Tag Archives: police

Watchman, How Goes The Night?

There is something especially admirable about one of those turn of phrases that carries both a secular and a deeper philosophical  or religious meaning.  The title is one example of this wisdom and intelligence or luck of the unknown author, and they are always unknown it seems.

On a purely secular level we’ve only had police or cops as we now know them for less than 200 years.  The modern idea of cops comes from the movement of Robert Peel the British Prime Minister in the mid-19th century. Thus the term “Bobby” for the English cop on the beat. For most of Mankind’s journey personal security was provided by a handful of constables, sheriff’s or yes watchmen employed by the local King, Baron or other prominent person of the area.  Mostly you were on your own when it came to security after the Sun set.  Going back for centuries if you read the history you will see that those who could afford it had private guards (footmen for example) when out at night or they went about armed.  Gentlemen carried swords not for decoration but to actually defend themselves and more often to discourage the potential robber or criminal from even attempting an assault.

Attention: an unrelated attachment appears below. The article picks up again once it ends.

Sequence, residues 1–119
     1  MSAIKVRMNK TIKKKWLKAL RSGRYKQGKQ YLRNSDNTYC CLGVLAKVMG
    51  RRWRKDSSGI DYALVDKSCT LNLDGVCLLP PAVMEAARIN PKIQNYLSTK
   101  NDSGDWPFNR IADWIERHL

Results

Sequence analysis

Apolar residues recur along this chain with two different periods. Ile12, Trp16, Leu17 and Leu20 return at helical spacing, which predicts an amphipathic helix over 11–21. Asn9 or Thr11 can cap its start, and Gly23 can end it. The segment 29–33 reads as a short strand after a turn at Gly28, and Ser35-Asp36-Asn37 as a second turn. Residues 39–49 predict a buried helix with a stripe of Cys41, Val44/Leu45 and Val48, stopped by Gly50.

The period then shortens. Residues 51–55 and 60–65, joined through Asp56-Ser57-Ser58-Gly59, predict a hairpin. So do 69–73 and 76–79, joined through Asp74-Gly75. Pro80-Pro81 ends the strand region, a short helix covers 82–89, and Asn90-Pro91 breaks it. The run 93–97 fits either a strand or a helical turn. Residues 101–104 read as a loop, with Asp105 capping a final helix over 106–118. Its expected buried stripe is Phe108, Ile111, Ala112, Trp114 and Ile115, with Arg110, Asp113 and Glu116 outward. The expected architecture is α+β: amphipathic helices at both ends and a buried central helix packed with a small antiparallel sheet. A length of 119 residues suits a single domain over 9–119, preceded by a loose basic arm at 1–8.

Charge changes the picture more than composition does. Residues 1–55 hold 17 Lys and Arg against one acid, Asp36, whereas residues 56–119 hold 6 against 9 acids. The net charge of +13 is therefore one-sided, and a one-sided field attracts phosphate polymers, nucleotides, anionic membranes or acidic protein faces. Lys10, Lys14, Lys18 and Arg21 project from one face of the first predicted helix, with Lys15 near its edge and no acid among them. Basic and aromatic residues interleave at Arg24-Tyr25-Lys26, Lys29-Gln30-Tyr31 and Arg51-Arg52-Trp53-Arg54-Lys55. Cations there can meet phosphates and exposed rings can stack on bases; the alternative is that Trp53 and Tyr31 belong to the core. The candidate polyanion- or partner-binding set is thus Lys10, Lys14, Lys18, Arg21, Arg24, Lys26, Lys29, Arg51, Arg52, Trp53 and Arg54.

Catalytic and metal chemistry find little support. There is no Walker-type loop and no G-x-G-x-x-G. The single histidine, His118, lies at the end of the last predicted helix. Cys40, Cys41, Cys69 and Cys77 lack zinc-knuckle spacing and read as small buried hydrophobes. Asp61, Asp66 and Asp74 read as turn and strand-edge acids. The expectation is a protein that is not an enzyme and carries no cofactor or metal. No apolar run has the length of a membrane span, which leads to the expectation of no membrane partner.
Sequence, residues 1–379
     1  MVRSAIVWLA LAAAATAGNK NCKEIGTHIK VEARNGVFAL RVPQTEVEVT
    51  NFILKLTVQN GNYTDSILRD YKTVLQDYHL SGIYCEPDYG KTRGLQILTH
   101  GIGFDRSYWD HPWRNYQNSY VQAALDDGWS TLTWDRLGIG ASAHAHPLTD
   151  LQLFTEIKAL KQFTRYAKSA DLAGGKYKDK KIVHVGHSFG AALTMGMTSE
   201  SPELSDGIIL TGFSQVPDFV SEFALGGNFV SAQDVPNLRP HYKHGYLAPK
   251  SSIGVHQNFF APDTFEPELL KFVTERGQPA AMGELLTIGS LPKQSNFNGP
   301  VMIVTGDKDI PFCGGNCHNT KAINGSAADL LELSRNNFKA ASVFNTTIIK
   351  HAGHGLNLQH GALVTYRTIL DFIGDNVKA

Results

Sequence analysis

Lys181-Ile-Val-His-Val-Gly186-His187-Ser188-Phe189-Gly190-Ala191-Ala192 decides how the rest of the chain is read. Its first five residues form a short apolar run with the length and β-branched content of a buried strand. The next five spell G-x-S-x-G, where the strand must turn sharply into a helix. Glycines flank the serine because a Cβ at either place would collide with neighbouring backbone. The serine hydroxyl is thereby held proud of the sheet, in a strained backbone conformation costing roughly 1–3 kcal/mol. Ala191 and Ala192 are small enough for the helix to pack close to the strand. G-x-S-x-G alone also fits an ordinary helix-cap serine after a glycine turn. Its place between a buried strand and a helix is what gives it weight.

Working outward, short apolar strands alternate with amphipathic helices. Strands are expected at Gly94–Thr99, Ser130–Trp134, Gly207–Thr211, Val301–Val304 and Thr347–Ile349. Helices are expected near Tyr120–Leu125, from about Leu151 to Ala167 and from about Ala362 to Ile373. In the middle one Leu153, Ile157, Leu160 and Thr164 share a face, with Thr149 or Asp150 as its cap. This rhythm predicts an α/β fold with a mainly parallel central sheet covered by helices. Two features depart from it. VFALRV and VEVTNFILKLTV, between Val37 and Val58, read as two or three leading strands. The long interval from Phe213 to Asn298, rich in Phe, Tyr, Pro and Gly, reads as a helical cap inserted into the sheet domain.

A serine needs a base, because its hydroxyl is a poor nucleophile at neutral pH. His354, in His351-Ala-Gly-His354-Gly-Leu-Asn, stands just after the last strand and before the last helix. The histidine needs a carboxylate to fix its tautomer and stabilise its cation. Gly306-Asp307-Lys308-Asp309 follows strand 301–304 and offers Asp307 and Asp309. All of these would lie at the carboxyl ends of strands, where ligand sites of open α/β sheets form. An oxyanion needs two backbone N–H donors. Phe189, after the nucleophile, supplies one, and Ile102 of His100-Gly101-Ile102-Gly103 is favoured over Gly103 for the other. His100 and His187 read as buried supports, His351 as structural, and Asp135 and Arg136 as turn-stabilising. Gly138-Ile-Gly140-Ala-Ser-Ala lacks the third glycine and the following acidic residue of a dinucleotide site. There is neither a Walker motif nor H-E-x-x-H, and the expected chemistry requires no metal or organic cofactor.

The term Watchman was used for centuries in the cities.  Ben Franklin referred to the Watchman when he was trying to organize a more formal police presence in Philadelphia in the 1730’s.   That was as generic term that covered Constables or others hired by the local governor or mayor to light the street lamps and make a circuit along the major streets.   So the title phrase today is more or less the equivalent of tuning into the 10 o’clock news to see if there is any danger out there.  Two centuries ago you would have asked the Watchman on his rounds if there was anything nefarious afoot.